People who didn't want to pay more taxes in Woodford County prevailed over those who wanted a new high school.
Voters on Tuesday rejected a 5.5 cent school facilities tax needed to replace Woodford County's 54-year-old high school building with a new one.
A total of 3,758 voted against the tax while 3,442 people voted for it, according to Woodford County Deputy Clerk Earl Littrell.
"This is a high turnout. It looks like its close to 30 percent," Woodford County Clerk Sandy Jones said Tuesday night. The county has 20,800 registered voters, according to the clerk's office.
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In January, the Woodford school board voted to approve a tax levy of 71.9 cents per $100 on real property and personal property with the additional 5.5 cents to be restricted money to be used for construction or renovation.
Opponents of the tax — led by former Woodford County Schools superintendent Paul Stahler — got enough signatures on a recall petition to send the issue to a vote.
"When we started this process ... the people that got together wanted the voters to decide whether the tax went through or not and that's what happened," Stahler said Tuesday night. "That was our goal and we feel good about that."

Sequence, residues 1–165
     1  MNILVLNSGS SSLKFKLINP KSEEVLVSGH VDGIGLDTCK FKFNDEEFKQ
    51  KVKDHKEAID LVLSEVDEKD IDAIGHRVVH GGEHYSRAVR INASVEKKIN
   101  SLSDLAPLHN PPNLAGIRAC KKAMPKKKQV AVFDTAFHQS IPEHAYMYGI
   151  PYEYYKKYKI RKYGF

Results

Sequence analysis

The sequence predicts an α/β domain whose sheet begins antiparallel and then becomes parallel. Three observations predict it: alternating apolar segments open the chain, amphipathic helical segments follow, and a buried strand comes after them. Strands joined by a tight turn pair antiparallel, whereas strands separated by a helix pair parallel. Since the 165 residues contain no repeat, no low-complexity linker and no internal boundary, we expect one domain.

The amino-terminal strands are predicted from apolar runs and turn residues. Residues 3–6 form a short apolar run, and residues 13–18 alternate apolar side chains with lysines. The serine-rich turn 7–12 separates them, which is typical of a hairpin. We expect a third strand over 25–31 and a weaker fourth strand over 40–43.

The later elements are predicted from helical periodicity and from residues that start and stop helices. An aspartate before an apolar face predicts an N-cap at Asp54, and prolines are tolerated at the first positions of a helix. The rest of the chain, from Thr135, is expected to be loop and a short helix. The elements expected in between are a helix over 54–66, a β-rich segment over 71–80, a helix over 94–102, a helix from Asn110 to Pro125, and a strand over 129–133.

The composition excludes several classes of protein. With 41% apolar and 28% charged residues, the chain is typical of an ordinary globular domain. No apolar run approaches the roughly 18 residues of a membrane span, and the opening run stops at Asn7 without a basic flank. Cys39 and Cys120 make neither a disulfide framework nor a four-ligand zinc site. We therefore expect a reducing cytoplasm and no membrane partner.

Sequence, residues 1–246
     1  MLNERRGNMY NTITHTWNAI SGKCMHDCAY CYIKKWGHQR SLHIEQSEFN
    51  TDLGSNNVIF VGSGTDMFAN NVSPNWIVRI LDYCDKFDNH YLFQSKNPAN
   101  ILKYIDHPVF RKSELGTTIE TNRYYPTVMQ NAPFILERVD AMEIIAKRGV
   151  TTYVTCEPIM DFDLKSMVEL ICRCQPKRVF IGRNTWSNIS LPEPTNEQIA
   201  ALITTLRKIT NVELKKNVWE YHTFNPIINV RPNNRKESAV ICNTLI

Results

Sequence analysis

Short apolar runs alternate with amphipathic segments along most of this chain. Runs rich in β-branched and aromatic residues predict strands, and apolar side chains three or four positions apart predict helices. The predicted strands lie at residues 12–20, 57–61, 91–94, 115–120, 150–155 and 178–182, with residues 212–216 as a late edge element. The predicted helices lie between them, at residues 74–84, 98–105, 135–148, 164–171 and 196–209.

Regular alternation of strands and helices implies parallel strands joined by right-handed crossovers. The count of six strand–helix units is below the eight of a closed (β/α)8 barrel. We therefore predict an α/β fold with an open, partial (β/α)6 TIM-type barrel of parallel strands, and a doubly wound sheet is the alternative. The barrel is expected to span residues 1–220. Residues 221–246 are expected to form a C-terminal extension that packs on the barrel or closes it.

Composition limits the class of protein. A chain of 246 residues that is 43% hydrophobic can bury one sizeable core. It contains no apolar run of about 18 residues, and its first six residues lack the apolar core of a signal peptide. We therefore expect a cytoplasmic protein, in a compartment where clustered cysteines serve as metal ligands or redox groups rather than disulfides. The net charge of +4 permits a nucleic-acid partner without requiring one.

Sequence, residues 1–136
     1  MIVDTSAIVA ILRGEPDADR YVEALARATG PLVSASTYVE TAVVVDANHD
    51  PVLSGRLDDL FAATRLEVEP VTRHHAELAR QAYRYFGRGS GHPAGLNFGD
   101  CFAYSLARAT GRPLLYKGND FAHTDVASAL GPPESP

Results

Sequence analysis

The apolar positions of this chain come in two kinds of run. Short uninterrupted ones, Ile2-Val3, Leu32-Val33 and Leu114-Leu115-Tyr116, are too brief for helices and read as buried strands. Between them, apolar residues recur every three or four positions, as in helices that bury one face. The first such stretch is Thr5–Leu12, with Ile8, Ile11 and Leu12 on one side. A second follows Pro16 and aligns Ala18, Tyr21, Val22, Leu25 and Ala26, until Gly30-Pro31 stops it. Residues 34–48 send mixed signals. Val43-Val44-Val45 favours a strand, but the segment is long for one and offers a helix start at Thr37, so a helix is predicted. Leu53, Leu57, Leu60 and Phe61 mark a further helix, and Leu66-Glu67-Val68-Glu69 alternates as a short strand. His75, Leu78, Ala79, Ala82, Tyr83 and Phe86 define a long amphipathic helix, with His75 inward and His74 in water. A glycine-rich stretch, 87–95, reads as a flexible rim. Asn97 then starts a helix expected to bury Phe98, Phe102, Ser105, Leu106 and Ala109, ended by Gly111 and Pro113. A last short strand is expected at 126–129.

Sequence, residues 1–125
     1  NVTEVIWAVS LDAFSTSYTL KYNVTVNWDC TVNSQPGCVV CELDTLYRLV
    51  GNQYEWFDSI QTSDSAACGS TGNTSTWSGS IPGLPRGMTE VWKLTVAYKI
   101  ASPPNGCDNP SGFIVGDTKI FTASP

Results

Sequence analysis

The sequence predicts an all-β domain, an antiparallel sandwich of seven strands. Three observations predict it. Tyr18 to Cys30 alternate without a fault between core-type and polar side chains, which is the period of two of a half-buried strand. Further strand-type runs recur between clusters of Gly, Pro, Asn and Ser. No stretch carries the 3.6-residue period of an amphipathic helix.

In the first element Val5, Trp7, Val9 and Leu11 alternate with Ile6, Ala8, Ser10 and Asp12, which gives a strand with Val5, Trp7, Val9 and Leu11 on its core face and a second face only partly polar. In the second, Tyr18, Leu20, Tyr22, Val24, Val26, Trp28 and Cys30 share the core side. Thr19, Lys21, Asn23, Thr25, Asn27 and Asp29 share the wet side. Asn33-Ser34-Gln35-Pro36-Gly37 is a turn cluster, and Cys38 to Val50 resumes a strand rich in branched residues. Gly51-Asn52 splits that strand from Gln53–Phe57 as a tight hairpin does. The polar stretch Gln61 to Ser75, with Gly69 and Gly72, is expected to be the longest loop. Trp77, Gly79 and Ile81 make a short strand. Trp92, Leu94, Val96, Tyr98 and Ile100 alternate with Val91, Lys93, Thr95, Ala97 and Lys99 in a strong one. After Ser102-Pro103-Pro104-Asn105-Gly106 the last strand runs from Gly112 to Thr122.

Both sides launched intense campaigns marked by sometimes angry words on social media.
Woodford County Public Schools officials, including Superintendent Scott Hawkins, favored the tax increase. The district website and a Facebook page called "I Support our Schools" featured numerous photos of children holding up signs saying, "I'm worth it.”
On Tuesday night Hawkins said proponents had worked hard on the campaign. He thanked volunteers for their level of support.
“We tried to present a compelling message for the need. Obviously it wasn’t the outcome that we had hoped for. But we will continue to work to do great things for the students of Woodford County,” he said.
Pro-forces said a new high school to replace the one built in 1964 would bring new opportunities in academics, arts and athletics, with new science and engineering labs, and an auditorium/theater.
“Without additional revenue there is no path to a new high school, not in the foreseeable future,” Hawkins said Tuesday night.
Hawkins has said if the facilities tax did not pass, it would be another 12 years before a new high school could be considered.
“That’s kind of where we are,” he said after the referendum was decided.
An example of the impact on Woodford property owners, according to Hawkins, was that if a home is valued at $150,000, the increase on the tax bill would have been $82.50 or $6.88 per month.
Stahler had said opponents of the tax thought it was excessive and he was concerned about the school district taking on debt.
The voting on Tuesday did encounter one snag.